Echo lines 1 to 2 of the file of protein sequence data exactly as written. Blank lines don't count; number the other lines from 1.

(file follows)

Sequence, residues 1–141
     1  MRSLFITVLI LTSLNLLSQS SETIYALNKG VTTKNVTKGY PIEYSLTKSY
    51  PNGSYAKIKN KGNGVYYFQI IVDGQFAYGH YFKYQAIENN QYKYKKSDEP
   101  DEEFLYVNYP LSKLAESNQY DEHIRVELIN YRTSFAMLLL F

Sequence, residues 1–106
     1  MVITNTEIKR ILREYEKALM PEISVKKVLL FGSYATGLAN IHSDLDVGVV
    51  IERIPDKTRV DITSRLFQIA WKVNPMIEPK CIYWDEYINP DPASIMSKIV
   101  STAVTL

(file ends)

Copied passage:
Sequence, residues 1–141
     1  MRSLFITVLI LTSLNLLSQS SETIYALNKG VTTKNVTKGY PIEYSLTKSY